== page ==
'Cub Fan Bandit' Only the Latest in Long Line of Chicago Robbers

By Kari Lydersen
Washington Post Staff Writer
Tuesday, January 16, 2007

CHICAGO -- Maybe it's not surprising that, in a city famous for bank robbery, two brazen bandits practice their craft with a show of civic pride.

The Chicago Bandit, responsible for at least eight heists, is known for his blue ball cap inscribed with the city's name. The Cubs Fan Bandit, wanted in three robberies, wears headgear celebrating a local baseball team.

Metropolitan Chicago logged a record number of bank robberies in 2006, for the second year in a row. The 284 holdups surpassed the 2005 record of 240. How busy was it? On Sept. 25, a downtown bank was hit twice.

And 2007 is off to a fast start, with six robberies by Jan. 9.

No one really knows why, but the FBI speculates that multiplying storefront and grocery-store branches provide attractive targets.

Chicago is not alone: Los Angeles, New York and Dallas also experienced more bank robberies last year. Dallas County had 145 bank robberies in 2006, up from 64 the year before.

"To have that many in this area is astronomical," said Dallas FBI spokeswoman Beverly Esselbach.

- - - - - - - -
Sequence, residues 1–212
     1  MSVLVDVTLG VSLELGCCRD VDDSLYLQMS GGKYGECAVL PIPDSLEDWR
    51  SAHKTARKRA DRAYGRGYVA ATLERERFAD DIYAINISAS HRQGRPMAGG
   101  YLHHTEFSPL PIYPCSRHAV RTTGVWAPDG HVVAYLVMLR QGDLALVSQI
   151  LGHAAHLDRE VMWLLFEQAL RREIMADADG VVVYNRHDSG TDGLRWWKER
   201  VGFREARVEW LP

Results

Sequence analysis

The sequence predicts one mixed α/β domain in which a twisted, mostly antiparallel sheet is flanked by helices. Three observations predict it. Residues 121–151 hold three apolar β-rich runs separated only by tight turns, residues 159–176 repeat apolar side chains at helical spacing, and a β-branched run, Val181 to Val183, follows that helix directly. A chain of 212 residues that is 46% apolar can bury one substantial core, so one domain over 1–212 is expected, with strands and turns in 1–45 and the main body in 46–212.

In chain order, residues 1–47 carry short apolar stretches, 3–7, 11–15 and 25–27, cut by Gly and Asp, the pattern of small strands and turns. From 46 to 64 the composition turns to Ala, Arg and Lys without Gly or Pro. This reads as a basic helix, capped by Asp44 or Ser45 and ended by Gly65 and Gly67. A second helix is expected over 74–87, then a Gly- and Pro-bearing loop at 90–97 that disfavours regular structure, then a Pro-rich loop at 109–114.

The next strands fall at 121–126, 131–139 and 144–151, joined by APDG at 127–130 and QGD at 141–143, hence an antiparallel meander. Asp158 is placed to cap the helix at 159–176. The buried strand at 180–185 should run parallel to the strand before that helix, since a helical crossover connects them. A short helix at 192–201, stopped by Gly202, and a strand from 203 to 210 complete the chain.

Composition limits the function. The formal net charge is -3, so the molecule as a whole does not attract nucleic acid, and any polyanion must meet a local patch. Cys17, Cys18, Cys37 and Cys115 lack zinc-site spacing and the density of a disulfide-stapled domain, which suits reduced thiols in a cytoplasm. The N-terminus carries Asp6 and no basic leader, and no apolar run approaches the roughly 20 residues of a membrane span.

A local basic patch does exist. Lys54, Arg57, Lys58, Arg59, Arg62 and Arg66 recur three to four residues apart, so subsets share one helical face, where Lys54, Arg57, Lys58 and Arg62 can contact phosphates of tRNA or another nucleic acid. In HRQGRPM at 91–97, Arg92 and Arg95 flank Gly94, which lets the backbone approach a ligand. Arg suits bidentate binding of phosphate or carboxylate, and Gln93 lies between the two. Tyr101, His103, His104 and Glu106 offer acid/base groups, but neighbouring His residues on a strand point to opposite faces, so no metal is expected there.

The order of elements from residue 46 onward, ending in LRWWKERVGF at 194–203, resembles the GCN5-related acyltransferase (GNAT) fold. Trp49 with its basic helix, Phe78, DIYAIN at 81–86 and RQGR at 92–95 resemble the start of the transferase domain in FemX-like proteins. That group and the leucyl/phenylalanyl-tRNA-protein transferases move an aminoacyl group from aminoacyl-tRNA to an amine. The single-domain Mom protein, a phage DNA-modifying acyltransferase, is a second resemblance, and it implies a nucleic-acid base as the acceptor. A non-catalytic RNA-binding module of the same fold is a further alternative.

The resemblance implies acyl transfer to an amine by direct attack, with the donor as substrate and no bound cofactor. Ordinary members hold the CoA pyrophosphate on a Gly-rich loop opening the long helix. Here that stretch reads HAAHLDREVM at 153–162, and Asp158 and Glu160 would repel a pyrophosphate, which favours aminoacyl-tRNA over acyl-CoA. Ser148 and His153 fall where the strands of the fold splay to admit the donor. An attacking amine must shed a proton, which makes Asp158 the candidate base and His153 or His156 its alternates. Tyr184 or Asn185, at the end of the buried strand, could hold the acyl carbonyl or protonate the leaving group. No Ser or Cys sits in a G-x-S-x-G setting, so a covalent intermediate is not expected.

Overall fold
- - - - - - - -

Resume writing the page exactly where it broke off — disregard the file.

Los Angeles -- "the bank robbery capital," according to FBI spokesman Bill Carter -- led the country with 470 bank robberies, up from 455. L.A. robbers included the camera-toting Paparazzi Bandit, who was known for photographing tellers, and the Goofy Hat Bandit, who wore a black fedora. Washington's total jumped to 50, from 26 in 2005.

New York's total of 290 was up from 229 the year before, but FBI spokesman Jim Margolin said the city's decline in armed heists with the potential for violence is more significant than the uptick in nonviolent "note jobs."

The trend in armed bank robberies "has been down in recent years," he said, noting that there were 45 robberies with a clearly armed assailant in 2005 and 28 in 2006. "We hesitate to speculate why, but some think there's a correlation with the economy or demographics. The aging of the population means a decrease in the male 18- to 30-year-old population, which criminologists believe is responsible for most crimes."

Melvena Cooke certainly doesn't fit that profile. Cooke, 79, is charged with trying to rob a downtown Chicago bank in September with a toy gun. Cooke, who was wearing a visor saying "Princess," left without any money and was quickly arrested.

Several high-profile Chicago suspects were caught in 2006, including the Harry Caray Bandit, who dressed up like the beloved late Cubs announcer, and the Panama Jack Bandit, wanted in 10 robberies and known for wearing a straw hat.

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